[Congressional Record Volume 157, Number 22 (Friday, February 11, 2011)]
[Extensions of Remarks]
[Pages E214-E215]
From the Congressional Record Online through the Government Publishing Office [www.gpo.gov]

                      ANDEAN TRADE PREFERENCE ACT


                          HON. DONALD M. PAYNE

                             of new jersey

                    in the house of representatives

                       Friday, February 11, 2011

  Mr. PAYNE. Mr. Speaker, while it is my hope that the Andean Trade 
Preference Act has promoted trade between the Andean countries and the 
United States and in so doing it has acted to limit drug production, I 
and many of my colleagues remain deeply concerned over certain recent 
conduct by the Peruvian government with reference to its treatment of 
U.S. investment in Peru. I would ask that a letter my colleagues and I 
recently sent in regard to this matter be made a part of the record. 
And I would hope our Government would work diligently to protect the 
interests of our U.S. citizens in this regard. I would

[[Page E215]]

hope before Congress is asked to extend this Act again, the Peruvian 
government will have addressed this concern so that it will not be an 
issue when a further extension is requested.

                                                 February 8, 2011.
     Hon. Hillary Clinton,
     Secretary, Department of State,
     Washington, DC.
     Hon. Timothy F. Geithner,
     Secretary, Department of Treasury,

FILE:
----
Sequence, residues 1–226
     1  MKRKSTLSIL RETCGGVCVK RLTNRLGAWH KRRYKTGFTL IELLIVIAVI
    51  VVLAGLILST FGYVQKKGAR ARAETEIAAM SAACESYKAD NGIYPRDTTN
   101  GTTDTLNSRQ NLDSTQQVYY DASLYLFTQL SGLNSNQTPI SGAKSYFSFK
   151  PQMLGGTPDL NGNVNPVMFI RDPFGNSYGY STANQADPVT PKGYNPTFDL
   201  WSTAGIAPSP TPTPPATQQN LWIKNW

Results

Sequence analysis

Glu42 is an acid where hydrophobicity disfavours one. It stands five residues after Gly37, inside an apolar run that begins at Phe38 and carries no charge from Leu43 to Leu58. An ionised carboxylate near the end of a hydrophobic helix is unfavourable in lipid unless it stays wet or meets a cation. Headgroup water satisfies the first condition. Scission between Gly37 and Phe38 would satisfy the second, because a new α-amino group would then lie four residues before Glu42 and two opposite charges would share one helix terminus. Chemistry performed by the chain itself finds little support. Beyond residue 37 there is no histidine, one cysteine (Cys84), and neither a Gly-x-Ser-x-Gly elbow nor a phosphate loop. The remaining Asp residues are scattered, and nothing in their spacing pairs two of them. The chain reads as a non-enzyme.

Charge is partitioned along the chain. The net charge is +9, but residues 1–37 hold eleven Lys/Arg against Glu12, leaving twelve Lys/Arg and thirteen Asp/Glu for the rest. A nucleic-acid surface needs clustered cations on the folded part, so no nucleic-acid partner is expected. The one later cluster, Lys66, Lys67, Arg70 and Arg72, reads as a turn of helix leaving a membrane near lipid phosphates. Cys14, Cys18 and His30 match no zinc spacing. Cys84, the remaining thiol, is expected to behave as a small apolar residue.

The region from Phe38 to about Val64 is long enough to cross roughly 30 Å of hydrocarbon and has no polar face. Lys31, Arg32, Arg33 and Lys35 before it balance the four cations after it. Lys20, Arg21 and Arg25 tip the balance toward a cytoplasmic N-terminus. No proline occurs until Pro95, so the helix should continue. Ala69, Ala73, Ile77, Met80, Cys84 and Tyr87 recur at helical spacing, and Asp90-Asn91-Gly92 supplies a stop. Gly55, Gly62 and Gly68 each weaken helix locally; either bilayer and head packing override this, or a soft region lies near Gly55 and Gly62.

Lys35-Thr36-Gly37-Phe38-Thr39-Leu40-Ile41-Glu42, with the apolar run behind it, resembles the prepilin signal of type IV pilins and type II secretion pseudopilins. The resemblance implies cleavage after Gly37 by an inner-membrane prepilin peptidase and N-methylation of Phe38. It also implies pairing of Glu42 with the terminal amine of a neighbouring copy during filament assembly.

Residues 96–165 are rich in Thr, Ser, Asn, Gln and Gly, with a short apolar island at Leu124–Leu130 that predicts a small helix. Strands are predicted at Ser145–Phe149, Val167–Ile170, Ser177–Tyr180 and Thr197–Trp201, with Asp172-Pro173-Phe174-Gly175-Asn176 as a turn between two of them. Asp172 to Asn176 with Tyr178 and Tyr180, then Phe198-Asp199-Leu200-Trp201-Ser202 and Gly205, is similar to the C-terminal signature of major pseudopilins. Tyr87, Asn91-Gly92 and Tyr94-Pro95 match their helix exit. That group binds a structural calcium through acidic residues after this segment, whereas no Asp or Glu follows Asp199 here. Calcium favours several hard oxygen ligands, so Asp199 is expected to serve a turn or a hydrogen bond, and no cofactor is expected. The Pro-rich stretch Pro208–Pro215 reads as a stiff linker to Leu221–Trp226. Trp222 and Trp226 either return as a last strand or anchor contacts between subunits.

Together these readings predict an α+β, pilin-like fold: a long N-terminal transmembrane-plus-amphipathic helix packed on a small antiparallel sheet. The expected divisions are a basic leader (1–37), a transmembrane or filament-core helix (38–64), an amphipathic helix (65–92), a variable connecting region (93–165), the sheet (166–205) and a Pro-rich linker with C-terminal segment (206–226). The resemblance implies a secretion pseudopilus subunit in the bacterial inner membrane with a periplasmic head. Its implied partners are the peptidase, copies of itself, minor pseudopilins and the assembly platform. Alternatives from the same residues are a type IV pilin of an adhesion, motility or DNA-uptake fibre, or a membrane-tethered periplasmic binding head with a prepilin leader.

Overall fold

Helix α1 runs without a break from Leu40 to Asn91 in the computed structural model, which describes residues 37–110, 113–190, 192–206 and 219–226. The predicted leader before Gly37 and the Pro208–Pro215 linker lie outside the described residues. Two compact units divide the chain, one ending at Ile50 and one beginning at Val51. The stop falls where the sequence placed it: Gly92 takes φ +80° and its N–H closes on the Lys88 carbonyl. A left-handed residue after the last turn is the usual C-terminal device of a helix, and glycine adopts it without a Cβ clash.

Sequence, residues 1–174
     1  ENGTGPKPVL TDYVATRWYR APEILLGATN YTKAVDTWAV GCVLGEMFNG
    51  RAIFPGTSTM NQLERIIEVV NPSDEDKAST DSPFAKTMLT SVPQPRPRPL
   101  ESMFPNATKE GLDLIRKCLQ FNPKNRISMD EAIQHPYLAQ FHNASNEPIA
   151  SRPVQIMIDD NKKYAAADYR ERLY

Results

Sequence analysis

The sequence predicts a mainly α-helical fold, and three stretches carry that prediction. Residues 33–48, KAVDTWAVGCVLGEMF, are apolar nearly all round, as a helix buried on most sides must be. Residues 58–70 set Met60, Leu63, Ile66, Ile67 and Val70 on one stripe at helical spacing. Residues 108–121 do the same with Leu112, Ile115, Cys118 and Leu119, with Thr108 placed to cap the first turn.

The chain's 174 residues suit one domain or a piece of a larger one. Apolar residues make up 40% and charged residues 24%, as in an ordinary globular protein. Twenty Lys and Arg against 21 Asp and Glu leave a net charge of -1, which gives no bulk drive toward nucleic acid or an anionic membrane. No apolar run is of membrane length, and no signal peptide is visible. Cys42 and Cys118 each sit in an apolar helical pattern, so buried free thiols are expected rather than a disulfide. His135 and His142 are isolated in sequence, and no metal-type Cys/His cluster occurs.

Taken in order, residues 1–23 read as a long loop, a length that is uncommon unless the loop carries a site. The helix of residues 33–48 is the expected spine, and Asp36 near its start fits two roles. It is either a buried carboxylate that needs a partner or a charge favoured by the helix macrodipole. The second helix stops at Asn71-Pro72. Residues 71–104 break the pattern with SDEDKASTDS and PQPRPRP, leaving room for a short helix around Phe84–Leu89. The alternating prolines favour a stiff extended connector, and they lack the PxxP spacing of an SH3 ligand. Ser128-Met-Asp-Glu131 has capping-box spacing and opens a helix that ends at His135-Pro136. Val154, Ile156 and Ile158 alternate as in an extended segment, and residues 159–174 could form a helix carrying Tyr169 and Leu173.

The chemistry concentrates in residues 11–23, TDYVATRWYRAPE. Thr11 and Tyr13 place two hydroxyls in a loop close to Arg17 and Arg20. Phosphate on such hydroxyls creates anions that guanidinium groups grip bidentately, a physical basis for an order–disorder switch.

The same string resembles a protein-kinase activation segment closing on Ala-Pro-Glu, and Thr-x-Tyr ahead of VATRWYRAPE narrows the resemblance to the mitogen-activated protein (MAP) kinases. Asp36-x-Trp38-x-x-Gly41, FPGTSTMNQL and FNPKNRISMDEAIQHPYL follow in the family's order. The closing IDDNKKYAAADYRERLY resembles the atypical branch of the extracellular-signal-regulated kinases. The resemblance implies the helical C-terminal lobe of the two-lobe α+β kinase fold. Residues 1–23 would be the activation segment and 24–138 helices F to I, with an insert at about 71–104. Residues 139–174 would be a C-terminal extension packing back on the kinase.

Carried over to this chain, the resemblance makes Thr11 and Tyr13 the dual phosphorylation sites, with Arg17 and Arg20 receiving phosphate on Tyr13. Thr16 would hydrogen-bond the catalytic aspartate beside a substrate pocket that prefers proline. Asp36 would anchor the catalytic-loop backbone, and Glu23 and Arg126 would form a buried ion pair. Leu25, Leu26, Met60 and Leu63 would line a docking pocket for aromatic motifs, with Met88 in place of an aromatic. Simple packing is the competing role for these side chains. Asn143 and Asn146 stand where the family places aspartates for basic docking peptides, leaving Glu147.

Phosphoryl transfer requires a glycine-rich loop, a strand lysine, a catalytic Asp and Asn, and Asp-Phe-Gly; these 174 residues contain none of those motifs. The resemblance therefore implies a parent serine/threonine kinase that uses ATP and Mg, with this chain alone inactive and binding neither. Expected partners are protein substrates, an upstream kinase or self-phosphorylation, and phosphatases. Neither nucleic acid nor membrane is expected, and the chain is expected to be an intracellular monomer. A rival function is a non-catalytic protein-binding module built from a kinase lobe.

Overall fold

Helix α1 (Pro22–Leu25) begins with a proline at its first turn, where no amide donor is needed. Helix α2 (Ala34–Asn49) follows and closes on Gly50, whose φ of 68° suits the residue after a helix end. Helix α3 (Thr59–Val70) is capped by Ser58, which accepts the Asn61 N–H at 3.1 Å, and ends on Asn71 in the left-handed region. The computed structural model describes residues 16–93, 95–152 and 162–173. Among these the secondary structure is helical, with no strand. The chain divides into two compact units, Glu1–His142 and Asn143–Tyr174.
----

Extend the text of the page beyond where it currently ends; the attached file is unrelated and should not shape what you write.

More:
Washington, DC.
       Dear Madam Secretary and Mr. Secretary: We are writing you 
     to raise a serious concern relating to the treatment of a 
     U.S.-based company by the Government of Peru. We understand 
     that this company has received disparate treatment by that 
     Government and is apparently the subject of a possible 
     expropriation. We understand that the Department of State is 
     aware of this situation and that it has already expressed its 
     concern to the Government of Peru.
       As we understand it, Doe Run Peru (``DRP''), owned by the 
     Renco Group, a U.S.-based holding company, owns a smelter in 
     Peru that has been in operation for almost 100 years, though 
     DRP has only operated the smelter since 1997. At the time 
     that DRP acquired the smelter from the Government of Peru, 
     DRP agreed to assume certain environmental upgrade costs 
     associated with the smelter, and the Government of Peru 
     assumed soil remediation costs for cleaning up the 
     surrounding community. We understand that by 2009 DRP had 
     invested $315 million in meeting the terms of the agreement, 
     and, during this same period of time, and up until this date, 
     the Government of Peru has spent nothing to fulfill its 
       While DRP has proposed good faith negotiations, to date the 
     Government of Peru has refused to enter such discussions. 
     Though DRP has completed eight and a half of the nine 
     environmental commitments contained in the 1997 agreement, 
     DRP has indicated its willingness to take further and 
     additional steps, but for whatever reason the Government of 
     Peru refuses to enter such negotiations.
       We urge the Treasury Department and the State Department to 
     work together on this matter as it raises very serious 
     issues, particularly since the U.S. provides major funding to 
     the Inter-American Development Bank that in turn is quite 
     active in Peru. A de facto expropriation would raise 
     questions about the appropriateness of further IDB investment 
     in Peru. We would hope that your two Departments would 
     communicate on this matter with the IDB and express the 
     concerns of this Government and the consequences that might 
     flow from an expropriation by the Government of Peru.
                                                  Donald M. Payne,
     Member of Congress.